The AC/DC Motor
AC and DC Power are different beasts. This has been covered here before and it’s covered to death in training courses for contractors. They seem like oil and water. If you put AC power into a DC application, it’ll end in tears. If you put DC power into an AC application, it’ll end equally in tears. Somewhere along the line, there may even be a ball of fire, some sparks, and an explosion if you mix AC and DC. That begs the question: HOW can one motor work happily with both AC and DC power? It seems a little counter intuitive.
The Expected Problem
In a motor using direct current, we expect the power to always move in the same direction. We use commutators to manipulate where that power flows so we can change the magnetic fields, cause changing attractions, and force a rotor to spin. What if we used AC? The field would be reversing rapidly, changing sixty times a second or more. One instance it’s forward, the next it’s backwards. Intuitively, you’d think this sort of power would create vibration. The rotor should lurch right and left a few degrees violently rattling about until something finally breaks.
This isn’t the case, so long as some accommodations are made for the different type of power. Like all things, we need to be clever about where we put our wires.
Accommodating AC Power in a DC Motor
For this to work, you’ll need to start with a DC Series Motor, a motor where the rotor and field windings are connected to each other. This is the key thing that’ll make it all work. With AC Power, when the polarity inverts, it doesn’t just invert on the rotor or the field winding. It inverts on both. The result is essentially a double negative. The inversion is cancelled out and rotation will continue in the original direction.
It’s best to think of it like your car. Imagine if you put it in reverse, the engine also reversed and began to spin in the opposite direction? You’d end up going forwards. The same thing happens here. The reverser is effectively reversed itself because everything is all connected. In other motors with different wiring or with permanent magnets, this reversal wouldn’t take place and things wouldn’t end so well.
Things are moving now, regardless of the type of power coming in, but there’s another couple of things that make a Universal Motor special, and different from a regular Series Motor.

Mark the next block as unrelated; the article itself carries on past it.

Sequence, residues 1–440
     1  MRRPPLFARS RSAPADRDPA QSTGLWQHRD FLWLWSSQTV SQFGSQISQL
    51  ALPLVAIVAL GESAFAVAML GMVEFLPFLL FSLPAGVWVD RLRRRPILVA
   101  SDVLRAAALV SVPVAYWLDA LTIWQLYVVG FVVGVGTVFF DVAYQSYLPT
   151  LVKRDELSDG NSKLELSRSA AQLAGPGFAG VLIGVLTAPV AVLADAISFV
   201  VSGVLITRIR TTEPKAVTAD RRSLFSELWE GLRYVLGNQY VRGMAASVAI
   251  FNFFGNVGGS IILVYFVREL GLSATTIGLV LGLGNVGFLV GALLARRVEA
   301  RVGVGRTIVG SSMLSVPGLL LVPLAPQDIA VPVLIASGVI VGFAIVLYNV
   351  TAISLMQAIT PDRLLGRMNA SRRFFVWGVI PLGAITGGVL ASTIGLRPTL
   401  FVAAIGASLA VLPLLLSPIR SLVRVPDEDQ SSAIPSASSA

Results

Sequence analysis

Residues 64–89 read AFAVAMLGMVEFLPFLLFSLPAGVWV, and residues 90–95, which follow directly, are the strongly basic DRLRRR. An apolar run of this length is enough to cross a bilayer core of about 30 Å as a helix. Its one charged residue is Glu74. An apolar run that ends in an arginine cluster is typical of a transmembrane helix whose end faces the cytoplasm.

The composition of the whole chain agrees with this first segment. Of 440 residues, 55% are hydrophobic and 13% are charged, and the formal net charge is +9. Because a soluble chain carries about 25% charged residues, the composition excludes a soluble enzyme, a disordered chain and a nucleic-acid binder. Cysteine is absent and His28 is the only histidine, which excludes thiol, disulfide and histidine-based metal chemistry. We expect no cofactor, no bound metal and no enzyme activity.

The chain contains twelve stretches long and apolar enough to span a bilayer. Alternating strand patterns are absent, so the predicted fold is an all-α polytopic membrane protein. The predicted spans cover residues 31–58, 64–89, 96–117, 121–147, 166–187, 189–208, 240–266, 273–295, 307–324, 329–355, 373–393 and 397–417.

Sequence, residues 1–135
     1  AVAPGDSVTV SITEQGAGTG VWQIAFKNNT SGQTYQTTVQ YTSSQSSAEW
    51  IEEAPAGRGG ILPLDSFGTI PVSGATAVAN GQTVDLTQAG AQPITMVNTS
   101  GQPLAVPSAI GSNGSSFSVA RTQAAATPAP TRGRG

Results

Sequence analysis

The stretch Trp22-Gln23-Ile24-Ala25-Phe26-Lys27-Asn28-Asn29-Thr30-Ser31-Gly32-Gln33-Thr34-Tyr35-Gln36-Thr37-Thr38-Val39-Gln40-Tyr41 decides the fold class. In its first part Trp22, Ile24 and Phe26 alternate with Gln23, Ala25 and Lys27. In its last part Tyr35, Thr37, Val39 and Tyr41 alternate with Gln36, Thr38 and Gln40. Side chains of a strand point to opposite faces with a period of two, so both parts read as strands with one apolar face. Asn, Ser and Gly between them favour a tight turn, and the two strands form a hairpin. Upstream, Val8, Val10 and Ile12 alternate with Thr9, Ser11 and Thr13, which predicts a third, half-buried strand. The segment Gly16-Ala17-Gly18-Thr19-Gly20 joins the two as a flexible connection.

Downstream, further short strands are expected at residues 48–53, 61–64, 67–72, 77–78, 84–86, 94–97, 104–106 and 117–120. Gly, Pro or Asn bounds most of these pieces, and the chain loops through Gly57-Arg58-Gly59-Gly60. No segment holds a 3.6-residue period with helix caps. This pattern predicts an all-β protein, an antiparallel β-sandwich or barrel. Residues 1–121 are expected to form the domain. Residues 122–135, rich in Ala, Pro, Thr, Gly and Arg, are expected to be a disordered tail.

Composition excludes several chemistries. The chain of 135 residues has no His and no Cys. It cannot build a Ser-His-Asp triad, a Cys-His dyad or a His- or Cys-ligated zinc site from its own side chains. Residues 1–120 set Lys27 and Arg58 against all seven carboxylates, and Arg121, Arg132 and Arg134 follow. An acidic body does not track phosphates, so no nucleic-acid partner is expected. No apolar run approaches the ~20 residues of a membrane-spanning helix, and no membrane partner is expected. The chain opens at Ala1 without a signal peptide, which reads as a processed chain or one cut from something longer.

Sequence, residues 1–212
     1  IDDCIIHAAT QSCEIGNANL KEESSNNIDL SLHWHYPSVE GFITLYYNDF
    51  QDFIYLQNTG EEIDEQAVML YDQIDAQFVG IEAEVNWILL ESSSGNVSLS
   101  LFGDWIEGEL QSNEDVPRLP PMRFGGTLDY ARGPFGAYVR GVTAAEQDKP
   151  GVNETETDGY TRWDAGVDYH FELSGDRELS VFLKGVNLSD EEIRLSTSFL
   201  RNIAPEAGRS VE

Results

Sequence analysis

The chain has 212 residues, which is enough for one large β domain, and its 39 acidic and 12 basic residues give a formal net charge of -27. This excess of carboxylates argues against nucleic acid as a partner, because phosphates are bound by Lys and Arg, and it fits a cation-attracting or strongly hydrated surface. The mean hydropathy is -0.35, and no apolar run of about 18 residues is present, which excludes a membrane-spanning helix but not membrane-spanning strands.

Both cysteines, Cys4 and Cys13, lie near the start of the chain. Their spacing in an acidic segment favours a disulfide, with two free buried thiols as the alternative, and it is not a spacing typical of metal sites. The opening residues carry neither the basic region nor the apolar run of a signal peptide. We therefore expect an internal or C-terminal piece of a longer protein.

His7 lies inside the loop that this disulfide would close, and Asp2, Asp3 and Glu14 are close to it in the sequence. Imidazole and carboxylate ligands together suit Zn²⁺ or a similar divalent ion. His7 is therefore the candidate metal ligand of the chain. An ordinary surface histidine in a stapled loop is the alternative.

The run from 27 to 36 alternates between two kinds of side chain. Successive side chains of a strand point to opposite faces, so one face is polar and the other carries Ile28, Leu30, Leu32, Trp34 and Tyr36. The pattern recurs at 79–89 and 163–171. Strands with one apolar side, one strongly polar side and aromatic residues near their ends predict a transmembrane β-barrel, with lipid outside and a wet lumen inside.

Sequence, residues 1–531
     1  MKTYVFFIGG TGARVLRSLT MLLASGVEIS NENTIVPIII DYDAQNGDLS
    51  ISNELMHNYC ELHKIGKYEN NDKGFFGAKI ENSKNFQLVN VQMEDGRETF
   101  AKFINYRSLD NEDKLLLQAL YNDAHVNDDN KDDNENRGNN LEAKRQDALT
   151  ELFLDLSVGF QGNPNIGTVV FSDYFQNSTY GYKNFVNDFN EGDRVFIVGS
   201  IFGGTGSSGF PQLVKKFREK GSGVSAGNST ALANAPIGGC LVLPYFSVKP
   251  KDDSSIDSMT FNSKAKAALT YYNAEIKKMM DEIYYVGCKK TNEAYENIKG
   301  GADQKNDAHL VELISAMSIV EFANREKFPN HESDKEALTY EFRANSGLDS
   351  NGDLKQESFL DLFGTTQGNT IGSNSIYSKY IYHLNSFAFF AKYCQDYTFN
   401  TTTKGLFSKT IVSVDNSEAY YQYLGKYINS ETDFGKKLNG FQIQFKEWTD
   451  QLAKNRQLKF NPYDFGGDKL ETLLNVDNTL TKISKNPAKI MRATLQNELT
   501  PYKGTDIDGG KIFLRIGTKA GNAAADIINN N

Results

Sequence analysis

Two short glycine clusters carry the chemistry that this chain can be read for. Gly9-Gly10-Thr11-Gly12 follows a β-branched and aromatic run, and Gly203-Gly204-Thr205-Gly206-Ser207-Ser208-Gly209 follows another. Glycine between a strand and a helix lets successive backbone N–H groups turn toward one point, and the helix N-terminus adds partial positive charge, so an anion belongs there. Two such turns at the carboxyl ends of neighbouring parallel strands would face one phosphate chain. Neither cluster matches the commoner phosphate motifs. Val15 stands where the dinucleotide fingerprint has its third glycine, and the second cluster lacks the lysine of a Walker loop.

One of the greater challenges is Eddy Currents. These are electromagnetic fields which resist movement in AC Applications. This resistance requires more power to overcome, creates excess heat, and is so potent that it is often employed as a breaking mechanism for AC Motors. The way to overcome these currents is with laminations and ferrite cores which reduce these unwanted currents. This adds weight to the rotor and reduces it’s efficiency.
There’s also challenges around the brushes. The changing current can lead to sparking and excessive wear on the brushes. This is in addition to the losses already experienced from friction and wear and tear in high RPM usage. The only mitigation here is to use brushes designed to take the abuse and resist sparking.
Finally, there’s the outright loss of efficiency. The design is not optimized for either type of current. It doesn’t have the precision of a VFD operating for the perfect duty cycle. It doesn’t have permanent magnets like many small DC motors either. The end result is a 30% or more loss of efficiency compared to an AC or DC only application.
What Possible Application Could There Be?
These motors are actually incredibly common for a few simple reasons. They’re easy to manufacture, they reduce design costs, they develop a lot of torque under load, and in small applications power efficiency is not the number one selling point. These are the types of motors used in kitchen appliances, power tools, and other small places around the home and office. They’re used in power drills, vacuums, mixers, and pretty much all those day to day tools you couldn’t live without.
Most of these use cases don’t need to run on both AC and DC power, but the otherwise cheap manufacturing costs make the motors an ideal choice. Except for Power Tools. These fall into that one category where AC and DC Compatibility is a high point. Power tools are offered in both battery-powered and wall-powered applications. Manufacturers can basically use the same guts in both types of drills and reduce on design and production costs across the board. This is probably the approach taken in all the lower and mid-lower tier tools. Higher end tools will have nicer permanent magnets.
The Wrap Up
What did you think? Did we get something wrong? Got something for us to cover next time? Let us know in the comments below.